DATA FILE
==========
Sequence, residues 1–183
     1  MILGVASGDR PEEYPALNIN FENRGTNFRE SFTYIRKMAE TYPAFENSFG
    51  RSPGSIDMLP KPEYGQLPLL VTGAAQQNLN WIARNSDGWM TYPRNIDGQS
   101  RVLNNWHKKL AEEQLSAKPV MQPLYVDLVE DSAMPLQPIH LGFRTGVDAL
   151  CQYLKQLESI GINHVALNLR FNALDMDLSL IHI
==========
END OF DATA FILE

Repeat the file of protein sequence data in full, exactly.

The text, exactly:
Sequence, residues 1–183
     1  MILGVASGDR PEEYPALNIN FENRGTNFRE SFTYIRKMAE TYPAFENSFG
    51  RSPGSIDMLP KPEYGQLPLL VTGAAQQNLN WIARNSDGWM TYPRNIDGQS
   101  RVLNNWHKKL AEEQLSAKPV MQPLYVDLVE DSAMPLQPIH LGFRTGVDAL
   151  CQYLKQLESI GINHVALNLR FNALDMDLSL IHI